Monday 5 December 2016

US voted for change ... but now wishes it hadn't

Obama's Democrats are about to take a hiding in the mid-term elections. Michael Barone looks at the reasons why the US electorate has turned its back on big government

Published 26/10/2010 | 05:00

President Barack Obama greeting Democratic senator Barbara Boxer at a campaign rally in Los Angeles, California, during a four-day, five-state mission to gather support for Democrats in the upcoming election
President Barack Obama greeting Democratic senator Barbara Boxer at a campaign rally in Los Angeles, California, during a four-day, five-state mission to gather support for Democrats in the upcoming election

Why have American voters gone so sour on Barack Obama's Democratic party? It's a question that must puzzle many abroad who welcomed Obama's election two years ago and saw him leading America and the world into broad, sunlit uplands. But now it appears that Obama's party is about to take what George W Bush called a "thumping" in the mid-term elections on November 2.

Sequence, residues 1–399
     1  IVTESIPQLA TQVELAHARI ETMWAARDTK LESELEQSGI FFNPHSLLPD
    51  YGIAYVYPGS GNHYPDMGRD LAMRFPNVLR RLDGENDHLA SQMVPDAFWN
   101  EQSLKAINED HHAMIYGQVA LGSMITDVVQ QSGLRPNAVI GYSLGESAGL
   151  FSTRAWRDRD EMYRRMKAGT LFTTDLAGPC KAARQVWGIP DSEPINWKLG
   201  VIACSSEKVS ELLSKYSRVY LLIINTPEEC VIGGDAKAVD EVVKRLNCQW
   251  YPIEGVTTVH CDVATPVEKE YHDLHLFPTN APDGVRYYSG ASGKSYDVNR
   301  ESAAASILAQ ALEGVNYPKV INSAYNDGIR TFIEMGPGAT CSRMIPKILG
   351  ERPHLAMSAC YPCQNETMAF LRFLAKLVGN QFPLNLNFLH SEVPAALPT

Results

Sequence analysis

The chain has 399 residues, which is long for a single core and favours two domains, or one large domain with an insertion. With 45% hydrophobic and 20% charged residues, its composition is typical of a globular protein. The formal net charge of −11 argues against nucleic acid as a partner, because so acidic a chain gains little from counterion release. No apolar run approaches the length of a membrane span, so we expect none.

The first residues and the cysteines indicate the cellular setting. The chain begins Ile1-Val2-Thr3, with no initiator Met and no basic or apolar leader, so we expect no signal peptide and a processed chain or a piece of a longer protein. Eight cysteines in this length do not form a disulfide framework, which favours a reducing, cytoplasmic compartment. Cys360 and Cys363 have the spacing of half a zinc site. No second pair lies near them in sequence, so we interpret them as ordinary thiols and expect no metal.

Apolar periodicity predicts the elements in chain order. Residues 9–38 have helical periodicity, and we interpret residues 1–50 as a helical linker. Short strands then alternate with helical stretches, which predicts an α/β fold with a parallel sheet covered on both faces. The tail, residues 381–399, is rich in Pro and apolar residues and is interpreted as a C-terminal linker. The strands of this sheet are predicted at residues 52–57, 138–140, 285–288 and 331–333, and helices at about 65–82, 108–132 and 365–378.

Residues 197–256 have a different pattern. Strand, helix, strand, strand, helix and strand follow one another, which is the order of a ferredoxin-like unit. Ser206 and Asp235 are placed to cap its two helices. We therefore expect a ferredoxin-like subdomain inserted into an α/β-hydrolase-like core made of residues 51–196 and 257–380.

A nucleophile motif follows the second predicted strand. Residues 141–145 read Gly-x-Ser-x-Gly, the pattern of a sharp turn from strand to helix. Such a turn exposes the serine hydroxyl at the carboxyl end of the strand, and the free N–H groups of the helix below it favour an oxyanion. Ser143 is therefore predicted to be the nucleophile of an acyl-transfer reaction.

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It looks to be quite a fall. Obama won the popular vote in 2008 by a 53 to 46pc margin. That's not quite a landslide, but he won a higher percentage of the vote than any Democratic candidate in history except for Andrew Jackson, Franklin Roosevelt and Lyndon Johnson. More than John Kennedy, Woodrow Wilson, Jimmy Carter, Grover Cleveland; more even than Bill Clinton. And Democrats won the popular vote for the House of Representatives -- a key index of public support -- by a 54 to 43pc margin. Their best showing since 1986.

Polls now suggest that those percentages could turn upside down. Republicans lead on the generic ballot question -- which party's candidates will you support for the House of Representatives -- by an average of 49 to 42pc. In no previous election cycle since the Gallup organisation started asking the question in 1942 have Republicans led by more than 4pc. Now in Gallup's "low turnout" likely voter model they lead by 17. Republicans seem very likely to win more -- perhaps many more -- than the 39 seats they need for a majority in the House and might, if they get lucky, win the 10 seats they need for a majority in the Senate.

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